How Much Sleep Do you Get (And Need)?

All but the luckiest of new parents will be able to share stories about how sleep deprivation has affected their lives. And although my boy is 11 months old, there are still nights where he won’t sleep well, and that translates into my wife and I not sleeping well, and this can make for long, tough, tired days.

It’s been proven that sleep deprivation is harmful for us. Back in 2000, the Occupational and Environmental Medicine journal published a report that sleep deprivation can produce “the same hazardous effects as being drunk.”

More recently, studies have shown that too little sleep can even give people with high blood pressure a heart attack.

I’ve never required very much sleep, maybe 6 to 6.5 hours a night, and this has been true my whole life. My mom tells me that she recalls me waking up very early in the morning even as a very little kid—and I recall this as well—heading downstairs to watch Battle of the Planets as the sun came up.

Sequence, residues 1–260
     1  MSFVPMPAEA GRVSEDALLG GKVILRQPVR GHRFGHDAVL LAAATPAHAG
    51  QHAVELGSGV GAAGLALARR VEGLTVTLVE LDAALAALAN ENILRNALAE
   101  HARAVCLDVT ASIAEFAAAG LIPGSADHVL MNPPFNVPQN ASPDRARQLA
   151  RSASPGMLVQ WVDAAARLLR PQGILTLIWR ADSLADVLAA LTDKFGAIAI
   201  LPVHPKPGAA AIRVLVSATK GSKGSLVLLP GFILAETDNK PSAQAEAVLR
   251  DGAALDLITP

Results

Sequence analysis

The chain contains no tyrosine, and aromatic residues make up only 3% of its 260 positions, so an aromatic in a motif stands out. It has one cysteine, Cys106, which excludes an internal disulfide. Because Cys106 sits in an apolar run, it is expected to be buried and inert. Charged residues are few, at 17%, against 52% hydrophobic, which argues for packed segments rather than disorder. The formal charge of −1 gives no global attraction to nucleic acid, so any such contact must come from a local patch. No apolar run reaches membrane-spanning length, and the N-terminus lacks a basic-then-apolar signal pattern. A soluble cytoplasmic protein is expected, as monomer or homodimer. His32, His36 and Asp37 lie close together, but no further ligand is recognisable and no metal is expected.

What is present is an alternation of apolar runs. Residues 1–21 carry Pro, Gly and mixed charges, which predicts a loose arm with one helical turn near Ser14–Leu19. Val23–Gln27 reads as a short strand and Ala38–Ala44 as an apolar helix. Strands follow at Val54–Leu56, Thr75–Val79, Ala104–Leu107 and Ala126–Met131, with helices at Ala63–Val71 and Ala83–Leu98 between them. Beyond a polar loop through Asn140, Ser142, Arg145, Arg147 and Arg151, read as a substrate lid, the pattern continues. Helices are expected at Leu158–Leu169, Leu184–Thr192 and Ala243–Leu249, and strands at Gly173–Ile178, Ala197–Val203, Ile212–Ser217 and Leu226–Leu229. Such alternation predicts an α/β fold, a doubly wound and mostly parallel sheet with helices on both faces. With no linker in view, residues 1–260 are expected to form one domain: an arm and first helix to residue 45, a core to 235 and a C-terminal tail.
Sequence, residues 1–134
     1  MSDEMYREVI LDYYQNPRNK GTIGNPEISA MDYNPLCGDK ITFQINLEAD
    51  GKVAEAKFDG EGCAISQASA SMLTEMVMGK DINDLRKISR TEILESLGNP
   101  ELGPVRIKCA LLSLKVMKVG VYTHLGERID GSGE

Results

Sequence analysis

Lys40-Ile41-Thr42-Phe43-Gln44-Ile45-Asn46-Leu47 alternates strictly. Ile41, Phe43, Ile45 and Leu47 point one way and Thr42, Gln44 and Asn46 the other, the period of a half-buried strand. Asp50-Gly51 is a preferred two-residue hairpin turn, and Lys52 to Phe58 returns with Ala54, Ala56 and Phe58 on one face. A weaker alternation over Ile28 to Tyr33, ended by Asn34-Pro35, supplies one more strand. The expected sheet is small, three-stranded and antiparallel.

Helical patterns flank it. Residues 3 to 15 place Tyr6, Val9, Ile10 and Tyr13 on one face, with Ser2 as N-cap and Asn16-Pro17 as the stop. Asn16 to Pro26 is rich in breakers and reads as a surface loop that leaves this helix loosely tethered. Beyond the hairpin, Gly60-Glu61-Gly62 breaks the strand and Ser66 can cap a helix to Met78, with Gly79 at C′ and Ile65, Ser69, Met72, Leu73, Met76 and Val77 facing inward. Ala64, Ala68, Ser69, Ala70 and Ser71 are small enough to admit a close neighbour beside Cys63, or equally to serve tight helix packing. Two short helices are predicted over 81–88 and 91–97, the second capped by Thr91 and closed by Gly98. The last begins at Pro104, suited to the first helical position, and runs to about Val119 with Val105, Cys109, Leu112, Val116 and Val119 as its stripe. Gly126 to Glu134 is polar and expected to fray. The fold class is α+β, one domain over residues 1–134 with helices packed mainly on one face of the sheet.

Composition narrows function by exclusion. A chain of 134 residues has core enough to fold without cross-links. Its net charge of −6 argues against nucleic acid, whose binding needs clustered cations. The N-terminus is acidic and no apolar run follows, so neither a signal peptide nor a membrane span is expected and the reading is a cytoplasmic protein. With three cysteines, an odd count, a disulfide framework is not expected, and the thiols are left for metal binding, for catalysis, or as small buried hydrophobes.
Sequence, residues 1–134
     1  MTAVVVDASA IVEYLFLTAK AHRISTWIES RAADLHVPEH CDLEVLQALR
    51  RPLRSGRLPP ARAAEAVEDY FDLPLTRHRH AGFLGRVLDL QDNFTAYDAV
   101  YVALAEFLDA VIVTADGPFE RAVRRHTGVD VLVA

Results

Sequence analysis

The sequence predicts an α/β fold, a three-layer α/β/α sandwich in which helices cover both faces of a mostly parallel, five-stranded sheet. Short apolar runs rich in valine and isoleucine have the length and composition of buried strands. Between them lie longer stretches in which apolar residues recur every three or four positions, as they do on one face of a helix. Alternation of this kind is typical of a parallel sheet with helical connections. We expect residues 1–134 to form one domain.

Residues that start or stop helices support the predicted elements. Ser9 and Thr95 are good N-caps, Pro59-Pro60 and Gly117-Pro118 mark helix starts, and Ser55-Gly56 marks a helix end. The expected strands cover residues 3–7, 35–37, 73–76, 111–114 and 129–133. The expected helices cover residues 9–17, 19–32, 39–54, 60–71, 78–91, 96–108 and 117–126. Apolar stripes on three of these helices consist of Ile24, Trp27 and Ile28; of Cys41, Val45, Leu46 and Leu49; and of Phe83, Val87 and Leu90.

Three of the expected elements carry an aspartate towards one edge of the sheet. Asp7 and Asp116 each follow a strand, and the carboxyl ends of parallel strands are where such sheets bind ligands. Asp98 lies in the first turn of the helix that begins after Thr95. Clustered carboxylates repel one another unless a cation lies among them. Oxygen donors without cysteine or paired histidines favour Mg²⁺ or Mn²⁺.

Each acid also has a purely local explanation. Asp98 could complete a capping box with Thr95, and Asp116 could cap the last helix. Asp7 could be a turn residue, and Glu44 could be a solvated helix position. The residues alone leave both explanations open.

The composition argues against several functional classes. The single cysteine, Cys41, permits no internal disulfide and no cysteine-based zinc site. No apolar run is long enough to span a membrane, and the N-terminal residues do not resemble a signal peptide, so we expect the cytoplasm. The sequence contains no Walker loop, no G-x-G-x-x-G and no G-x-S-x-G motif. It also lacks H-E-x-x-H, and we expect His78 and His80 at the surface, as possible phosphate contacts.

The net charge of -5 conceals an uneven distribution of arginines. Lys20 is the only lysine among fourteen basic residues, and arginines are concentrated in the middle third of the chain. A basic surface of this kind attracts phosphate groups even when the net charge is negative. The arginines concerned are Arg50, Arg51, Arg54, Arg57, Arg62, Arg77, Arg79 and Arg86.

Sleep deprivation seemed to affect me less when I was younger, though. Late nights in high school and college were easily shrugged off. These days, in my mid-30’s, I don’t seem to do as well when I’m pushed beyond my 6 hour minimum, and it seems like it can take a few days to fully recover.

A 60 Minutes episode, detailed here, explains this:

Well, the first finding, and it stunned us, was there’s a cumulative impairment that develops in your ability to think fast, to react quickly, to remember things. A single night at four hours or five hours or even six, can in most people, begin to show affects in your attention and your memory and the speed with which you think. A second night it gets worse. A third night worse. Each day adds an additional burden or deficit to your cognitive ability.

So how much sleep do you get … and how much do you need?

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